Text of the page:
To reinforce this integration, students would also be assigned to new bus routes with their peers.

People debated the effectiveness and benefits of busing students. Some questioned whether it would be helpful for integrating students or expressed concern about its impact on quality of education. State Senator Ernie Chambers, in a letter to the mayor, argued that “the only way to effectively eradicate segregation is to place white children in black schools and black children in white schools. Busing is the only tool.”

A group of seven Black parents also responded to the plan with doubts. Calling it “salable,” they thought the plan was heavily influenced by the officials’ need for White acceptance and their fear of white flight.

“It was conceived to solve the ‘dilemma’ of how to get White students to inner city schools. It was conceived assuming that Black parents will accept desegregation on any terms,” they wrote.

The plan continued to evolve over the summer of 1976, detailing that 8,500 of the 9,300 students reassigned in grades 2 – 9 would be eligible for busing. High school students would be eligible for travel reimbursement if they transferred as part of the racial transfer program or the magnet school program at the Technical High School.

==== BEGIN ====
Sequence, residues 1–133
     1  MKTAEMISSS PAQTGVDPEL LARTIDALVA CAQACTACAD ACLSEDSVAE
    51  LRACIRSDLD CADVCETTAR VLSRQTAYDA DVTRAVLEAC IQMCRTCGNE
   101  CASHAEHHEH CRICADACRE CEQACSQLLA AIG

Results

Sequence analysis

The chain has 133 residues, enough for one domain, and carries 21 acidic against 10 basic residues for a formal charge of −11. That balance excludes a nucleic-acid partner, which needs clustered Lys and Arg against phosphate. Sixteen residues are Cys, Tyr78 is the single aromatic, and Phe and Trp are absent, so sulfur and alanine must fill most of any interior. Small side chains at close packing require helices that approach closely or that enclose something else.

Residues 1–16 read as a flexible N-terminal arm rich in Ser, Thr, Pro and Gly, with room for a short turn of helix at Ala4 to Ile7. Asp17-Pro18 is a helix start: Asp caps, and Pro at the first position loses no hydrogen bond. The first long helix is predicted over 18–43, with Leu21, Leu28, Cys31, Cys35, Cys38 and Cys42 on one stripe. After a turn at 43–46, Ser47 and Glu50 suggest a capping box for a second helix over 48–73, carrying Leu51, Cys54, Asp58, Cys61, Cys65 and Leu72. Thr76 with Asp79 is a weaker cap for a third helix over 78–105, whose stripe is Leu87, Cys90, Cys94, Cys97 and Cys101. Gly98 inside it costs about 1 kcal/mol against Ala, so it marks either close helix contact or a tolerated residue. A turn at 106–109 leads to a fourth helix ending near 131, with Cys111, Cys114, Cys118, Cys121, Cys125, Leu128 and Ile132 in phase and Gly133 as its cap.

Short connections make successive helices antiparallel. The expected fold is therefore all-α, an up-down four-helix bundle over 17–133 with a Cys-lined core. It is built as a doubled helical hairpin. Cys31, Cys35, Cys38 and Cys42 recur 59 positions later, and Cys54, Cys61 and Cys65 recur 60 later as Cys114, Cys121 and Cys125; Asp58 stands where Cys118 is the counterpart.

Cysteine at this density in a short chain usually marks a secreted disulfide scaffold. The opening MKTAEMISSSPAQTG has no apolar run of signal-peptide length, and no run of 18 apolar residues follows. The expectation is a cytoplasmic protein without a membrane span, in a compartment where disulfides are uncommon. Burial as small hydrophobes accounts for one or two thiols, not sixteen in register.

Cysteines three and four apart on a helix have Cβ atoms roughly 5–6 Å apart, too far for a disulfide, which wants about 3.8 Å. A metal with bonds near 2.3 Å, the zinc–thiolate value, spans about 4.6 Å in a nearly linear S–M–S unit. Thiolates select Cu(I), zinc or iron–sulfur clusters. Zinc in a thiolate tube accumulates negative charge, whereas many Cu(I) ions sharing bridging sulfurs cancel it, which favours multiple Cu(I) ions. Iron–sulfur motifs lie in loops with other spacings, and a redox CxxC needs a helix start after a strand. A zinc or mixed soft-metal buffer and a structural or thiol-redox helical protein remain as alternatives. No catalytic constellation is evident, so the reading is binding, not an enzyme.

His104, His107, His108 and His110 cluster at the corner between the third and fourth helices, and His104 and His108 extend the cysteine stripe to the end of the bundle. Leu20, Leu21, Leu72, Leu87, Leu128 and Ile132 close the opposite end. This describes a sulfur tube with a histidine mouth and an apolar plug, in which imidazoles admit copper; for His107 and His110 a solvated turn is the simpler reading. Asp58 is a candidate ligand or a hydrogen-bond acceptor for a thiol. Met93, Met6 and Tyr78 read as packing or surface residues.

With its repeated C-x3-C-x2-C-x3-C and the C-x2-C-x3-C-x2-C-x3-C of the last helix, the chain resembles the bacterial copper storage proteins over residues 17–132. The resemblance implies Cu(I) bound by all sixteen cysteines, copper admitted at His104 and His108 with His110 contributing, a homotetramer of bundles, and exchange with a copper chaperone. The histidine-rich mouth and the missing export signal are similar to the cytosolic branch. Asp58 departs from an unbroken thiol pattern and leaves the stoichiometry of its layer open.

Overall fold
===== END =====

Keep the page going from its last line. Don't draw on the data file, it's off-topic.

(Omaha World-Herald 6.23.1976) 

As the new school year approached, schools planned activities to help familiarize students and ease concerns. Elementary schools held open houses, ran pen-pal programs to introduce students, made calendars, and planned opening day events. Institutions also held ride-alongs to allow parents the opportunity to participate in the same bus routes as their children.

Despite all the preparation, no one knew what to expect. While the plan was in place, there was no telling what would come that first day of school or the subsequent months.  

Any remaining concerns were left to chance. 

 

Part 2 discusses the plan’s implementation, the return of students, reactions, and results. 

 

(Posted February 24, 2022)

Sources:

  • Omaha School District vs US District Court memorandum 10.15.1974 
  • Omaha World-Herald 6.13.1975 “Orders for Integration Jolt Omaha Officials”
  • Omaha World-Herald 12.15.1975 “The Desegregation Plan”
  • Omaha World-Herald 1.30.1976 “Emphasizing Racial Differences”
  • Omaha Star 1.8.1976 “Chambers Terms Zorinsky Remarks ‘Appalling’”
  • Omaha World-Herald 2.8.1976 “Whites to ‘Wait and See’”
  • Omaha World-Herald 2.15.1976 “Let Other School Districts Help”
  • Omaha World-Herald 6.17.1976 “Court Gets Appeal of Black Parents”
  • Omaha World-Herald 6.23.1976 “Top School Declines Are in Busing Ages”
  • Omaha World-Herald 8.11.1976 “Peaceful Integration Goal of Cluster Six”
  • Omaha World-Herald 8.26.1976 “Statements from Public Officials”
  • Omaha World-Herald 8.30.1976 “Parent Ride-Along Turnout Good”